The expected economic benefits of ‘servitization’, a popular trend among durable goods’ manufacturers designed to expand the scope of their offerings from products into through-life-cycle services, have been disputed in light of recent empirical evidence suggesting that hurdles associated with the implementation of services may even result in performance decline.
In a recent study we undertook extensive research into ten sales-and-service subsidiaries of a successfully servitized manufacturing multinational to shed light on this ‘service paradox’. The results showed that success in setting up a service business in a manufacturing firm results from the presence of three operational capabilities that facilitate service performance.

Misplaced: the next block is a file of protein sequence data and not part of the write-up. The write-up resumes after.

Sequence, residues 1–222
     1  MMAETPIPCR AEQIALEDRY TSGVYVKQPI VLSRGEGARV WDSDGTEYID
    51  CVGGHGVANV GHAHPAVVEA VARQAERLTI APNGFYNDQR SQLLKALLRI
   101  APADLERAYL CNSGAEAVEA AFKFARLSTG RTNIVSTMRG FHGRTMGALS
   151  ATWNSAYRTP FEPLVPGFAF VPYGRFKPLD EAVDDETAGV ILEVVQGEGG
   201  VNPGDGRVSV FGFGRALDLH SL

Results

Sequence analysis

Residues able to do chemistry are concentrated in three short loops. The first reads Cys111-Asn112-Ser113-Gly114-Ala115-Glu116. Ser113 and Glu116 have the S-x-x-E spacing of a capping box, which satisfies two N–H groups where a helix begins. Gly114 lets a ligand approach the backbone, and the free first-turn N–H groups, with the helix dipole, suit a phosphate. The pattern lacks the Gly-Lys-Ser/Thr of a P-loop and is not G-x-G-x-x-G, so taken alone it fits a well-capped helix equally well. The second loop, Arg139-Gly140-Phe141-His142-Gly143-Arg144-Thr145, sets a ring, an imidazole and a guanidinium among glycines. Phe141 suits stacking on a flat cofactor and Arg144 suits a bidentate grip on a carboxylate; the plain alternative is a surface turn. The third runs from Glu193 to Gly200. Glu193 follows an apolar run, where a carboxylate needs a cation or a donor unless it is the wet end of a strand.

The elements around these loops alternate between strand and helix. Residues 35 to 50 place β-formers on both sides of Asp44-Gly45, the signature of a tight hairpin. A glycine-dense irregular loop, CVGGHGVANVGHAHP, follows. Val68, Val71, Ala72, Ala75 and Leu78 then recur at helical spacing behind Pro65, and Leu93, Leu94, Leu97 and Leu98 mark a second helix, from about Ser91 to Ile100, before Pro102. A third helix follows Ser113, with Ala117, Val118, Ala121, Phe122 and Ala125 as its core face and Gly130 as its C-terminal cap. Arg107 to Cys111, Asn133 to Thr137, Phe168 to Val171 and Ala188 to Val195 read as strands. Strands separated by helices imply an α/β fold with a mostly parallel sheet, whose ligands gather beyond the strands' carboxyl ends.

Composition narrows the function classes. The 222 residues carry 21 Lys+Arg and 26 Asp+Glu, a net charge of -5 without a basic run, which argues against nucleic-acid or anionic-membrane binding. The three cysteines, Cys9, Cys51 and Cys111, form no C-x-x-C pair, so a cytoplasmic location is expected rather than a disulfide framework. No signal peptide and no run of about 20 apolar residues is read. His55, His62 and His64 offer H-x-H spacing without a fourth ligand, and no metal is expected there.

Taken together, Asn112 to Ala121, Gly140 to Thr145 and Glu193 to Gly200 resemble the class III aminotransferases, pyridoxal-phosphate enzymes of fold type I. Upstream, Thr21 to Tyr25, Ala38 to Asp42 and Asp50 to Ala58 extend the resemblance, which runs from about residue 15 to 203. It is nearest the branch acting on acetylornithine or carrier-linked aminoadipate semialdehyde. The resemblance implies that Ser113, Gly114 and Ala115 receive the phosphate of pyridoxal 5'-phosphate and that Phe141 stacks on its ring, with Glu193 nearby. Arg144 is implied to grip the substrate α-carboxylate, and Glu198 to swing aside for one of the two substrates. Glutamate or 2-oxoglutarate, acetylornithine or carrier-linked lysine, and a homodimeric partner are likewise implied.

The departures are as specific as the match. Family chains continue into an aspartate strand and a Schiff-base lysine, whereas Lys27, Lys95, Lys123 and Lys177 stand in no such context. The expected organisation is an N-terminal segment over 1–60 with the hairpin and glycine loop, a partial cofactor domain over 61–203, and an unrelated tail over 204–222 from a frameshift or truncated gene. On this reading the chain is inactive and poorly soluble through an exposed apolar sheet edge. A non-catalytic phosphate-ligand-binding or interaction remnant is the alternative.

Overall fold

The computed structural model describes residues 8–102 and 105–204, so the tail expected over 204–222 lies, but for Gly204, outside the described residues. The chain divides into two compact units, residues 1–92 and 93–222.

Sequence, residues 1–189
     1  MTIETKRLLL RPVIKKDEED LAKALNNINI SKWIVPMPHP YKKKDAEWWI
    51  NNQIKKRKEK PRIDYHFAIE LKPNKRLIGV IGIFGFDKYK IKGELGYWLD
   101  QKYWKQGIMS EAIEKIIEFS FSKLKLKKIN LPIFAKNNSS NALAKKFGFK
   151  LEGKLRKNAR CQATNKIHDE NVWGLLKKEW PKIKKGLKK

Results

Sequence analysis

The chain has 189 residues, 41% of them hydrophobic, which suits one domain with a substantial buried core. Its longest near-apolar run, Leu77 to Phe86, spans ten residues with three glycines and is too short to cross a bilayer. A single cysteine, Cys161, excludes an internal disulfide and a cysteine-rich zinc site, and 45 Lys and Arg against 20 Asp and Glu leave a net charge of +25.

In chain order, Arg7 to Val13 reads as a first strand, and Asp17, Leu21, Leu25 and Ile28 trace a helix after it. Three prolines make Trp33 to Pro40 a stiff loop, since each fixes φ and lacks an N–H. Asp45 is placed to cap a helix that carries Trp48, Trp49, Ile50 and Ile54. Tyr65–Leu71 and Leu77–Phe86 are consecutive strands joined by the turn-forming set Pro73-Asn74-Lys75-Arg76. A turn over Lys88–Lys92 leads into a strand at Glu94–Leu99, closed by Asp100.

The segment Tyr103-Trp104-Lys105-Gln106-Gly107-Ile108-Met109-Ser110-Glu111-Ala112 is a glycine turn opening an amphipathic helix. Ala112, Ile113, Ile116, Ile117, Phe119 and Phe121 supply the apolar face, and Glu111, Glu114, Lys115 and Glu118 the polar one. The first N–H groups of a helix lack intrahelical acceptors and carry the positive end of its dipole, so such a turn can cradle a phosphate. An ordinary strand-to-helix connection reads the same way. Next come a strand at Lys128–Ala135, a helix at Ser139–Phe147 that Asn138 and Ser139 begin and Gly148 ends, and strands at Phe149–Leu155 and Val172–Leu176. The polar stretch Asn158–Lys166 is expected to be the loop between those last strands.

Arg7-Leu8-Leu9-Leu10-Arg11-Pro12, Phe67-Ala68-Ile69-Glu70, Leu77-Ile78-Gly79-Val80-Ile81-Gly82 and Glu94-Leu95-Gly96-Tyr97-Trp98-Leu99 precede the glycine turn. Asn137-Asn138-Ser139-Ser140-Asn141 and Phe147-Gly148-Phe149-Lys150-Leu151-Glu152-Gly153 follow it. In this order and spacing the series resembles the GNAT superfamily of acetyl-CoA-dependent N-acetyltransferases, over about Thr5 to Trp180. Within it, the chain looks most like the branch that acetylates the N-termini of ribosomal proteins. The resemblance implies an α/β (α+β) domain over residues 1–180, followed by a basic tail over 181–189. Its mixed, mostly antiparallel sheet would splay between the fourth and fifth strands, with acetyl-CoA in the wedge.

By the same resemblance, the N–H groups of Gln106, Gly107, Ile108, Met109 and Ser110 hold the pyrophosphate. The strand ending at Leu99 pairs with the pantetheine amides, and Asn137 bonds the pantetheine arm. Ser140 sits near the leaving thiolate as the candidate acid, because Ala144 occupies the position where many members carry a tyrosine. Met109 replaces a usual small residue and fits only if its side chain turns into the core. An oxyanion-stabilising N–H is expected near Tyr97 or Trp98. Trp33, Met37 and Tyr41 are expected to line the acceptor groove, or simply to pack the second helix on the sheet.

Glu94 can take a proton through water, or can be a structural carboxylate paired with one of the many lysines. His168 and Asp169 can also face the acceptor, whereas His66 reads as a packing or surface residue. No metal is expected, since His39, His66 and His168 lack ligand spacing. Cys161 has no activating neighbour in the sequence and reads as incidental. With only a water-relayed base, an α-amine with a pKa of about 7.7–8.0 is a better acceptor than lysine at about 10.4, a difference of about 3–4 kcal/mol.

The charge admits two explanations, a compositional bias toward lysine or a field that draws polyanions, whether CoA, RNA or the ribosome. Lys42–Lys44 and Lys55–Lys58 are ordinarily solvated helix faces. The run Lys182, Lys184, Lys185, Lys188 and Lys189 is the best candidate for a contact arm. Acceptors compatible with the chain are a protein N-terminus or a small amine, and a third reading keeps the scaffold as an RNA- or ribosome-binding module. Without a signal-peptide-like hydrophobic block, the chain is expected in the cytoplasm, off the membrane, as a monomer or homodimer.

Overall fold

- a skill set capable of extending the relationship with the broad client base;
- the capability to develop sophisticated service offerings that provide better coverage of customers’ needs; and
- the ability to offer all the services efficiently.
Cambridge Service Alliance